The Canadian Embroiderer’s Guild, Guelph is a teaching guild. There are six different classes each Fall/Autumn and another six different classes in the Winter/Spring. The classes run concurrently for six sessions. This gives the guild members the opportunity to try out and learn different techniques that are presented at different levels.
I joined the Shebori class. Although I found that Shebori and beading are not for me, I was most impressed with the accomplishments of my classmates. Shebori is a silk fabric that is wrapped around a tube, pushed into folds and then over-dyed. The resulting fabric is most interesting and blends well with beading and Soutache Braid.
Above is a bracelet. The pale turquoise area is Shebori fabric with some beads in the folds. The rest of it is normal beads plus some interesting ones. Copper beads contrast well with the turquoise
Another bracelet in the early stages of creation. Note that the background is a piece of silk ribbon which will be totally covered in beads. Under/behind is a piece of foundation piece of heavy weight Pellon.
The crimson fabric is Shibori with some of the silk ribbon left visible. Beading is used to finish the edges but there is much less beading used in this design. Interesting treasures from your button box can be included to advantage.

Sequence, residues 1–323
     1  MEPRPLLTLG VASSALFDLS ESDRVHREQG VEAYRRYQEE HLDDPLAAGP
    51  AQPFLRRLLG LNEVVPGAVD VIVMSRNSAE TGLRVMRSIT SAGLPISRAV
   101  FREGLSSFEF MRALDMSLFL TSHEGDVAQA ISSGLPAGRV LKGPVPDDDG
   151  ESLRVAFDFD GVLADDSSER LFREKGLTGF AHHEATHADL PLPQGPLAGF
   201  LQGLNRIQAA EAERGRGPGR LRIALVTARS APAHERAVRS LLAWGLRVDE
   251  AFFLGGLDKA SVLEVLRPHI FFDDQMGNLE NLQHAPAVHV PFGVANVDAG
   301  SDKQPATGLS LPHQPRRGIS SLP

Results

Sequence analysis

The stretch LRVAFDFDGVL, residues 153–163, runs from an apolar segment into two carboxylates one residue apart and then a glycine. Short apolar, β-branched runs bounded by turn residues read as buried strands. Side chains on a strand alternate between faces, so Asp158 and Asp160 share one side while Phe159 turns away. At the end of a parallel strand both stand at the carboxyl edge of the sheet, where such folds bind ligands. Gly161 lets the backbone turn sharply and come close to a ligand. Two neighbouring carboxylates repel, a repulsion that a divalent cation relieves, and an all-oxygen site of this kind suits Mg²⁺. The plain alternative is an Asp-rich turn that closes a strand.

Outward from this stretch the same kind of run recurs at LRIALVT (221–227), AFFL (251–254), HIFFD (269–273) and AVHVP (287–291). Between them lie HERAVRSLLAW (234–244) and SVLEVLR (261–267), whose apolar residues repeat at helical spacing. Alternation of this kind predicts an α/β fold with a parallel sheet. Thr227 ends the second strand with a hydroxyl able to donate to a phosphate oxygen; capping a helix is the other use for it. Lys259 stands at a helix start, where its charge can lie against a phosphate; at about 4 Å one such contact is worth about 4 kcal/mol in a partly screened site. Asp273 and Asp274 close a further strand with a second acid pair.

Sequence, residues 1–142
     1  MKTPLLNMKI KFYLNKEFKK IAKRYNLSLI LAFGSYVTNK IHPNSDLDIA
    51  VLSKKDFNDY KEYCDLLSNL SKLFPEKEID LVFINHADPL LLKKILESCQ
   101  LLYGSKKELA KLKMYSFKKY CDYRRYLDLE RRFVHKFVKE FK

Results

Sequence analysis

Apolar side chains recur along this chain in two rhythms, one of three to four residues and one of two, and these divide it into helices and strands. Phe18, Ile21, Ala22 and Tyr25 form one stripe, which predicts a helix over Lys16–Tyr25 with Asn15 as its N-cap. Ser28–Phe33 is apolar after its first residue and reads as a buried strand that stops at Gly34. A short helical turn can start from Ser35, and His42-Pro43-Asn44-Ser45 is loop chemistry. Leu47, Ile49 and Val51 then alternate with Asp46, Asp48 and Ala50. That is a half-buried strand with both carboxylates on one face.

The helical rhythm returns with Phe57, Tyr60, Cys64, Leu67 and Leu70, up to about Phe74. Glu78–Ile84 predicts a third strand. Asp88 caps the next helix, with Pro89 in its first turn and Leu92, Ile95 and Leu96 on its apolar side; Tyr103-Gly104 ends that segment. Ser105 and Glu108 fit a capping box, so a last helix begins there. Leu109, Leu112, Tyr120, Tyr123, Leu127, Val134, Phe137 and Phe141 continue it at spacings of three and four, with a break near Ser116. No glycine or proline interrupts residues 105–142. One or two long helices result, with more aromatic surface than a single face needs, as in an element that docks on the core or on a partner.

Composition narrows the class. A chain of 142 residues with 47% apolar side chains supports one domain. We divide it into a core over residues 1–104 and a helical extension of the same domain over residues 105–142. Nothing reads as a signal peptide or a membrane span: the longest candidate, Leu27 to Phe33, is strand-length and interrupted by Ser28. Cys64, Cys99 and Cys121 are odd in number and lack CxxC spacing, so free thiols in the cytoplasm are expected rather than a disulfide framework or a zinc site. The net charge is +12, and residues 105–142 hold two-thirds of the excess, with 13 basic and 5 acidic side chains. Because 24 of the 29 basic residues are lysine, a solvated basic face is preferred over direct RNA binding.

Although Shebori as a material and technique can be used in making jewelry, it can also be used in other designs.
This was made by our teacher, Renata. It is multimedia. Shebori and beading are used for the dress and ruff. The face is molded from Polymer Clay and the background is counted thread embroidery on canvas
This piece is the first try at this technique by Marsha. The Shibori, tan, overdyed with purple, has been twisted but no beads have been placed in the folds. I find that the beading is most effective especially the cream ones where the central hole of the bead is visible.
There is more Shibori posted on Pinterest. There are beautiful examples from experienced and gifted designers, It is well worth browsing now that we have time available.
Be Well, and, Stay Well.
I think you have done beautifully on your piece. I think its stunning. I appreciate that you have shown us other examples both similar in the way you have created your piece, as well as other ways this technique can be integrated into a piece.
Thank you for sharing your creation!
Ann Bernard says
Thank you for your kind comments about Shibori. This is the correct spelling. I did not make any of these pieces. They were all created by our teacher, Renata, and her other students. To see many other beautiful examples of this technique go to Pinterest. It is an interesting and decorative medium but it and I did not mix productively. During this difficult and cloistered time, I hope that you are enjoying the opportunity to stitch. Best wishes, Ann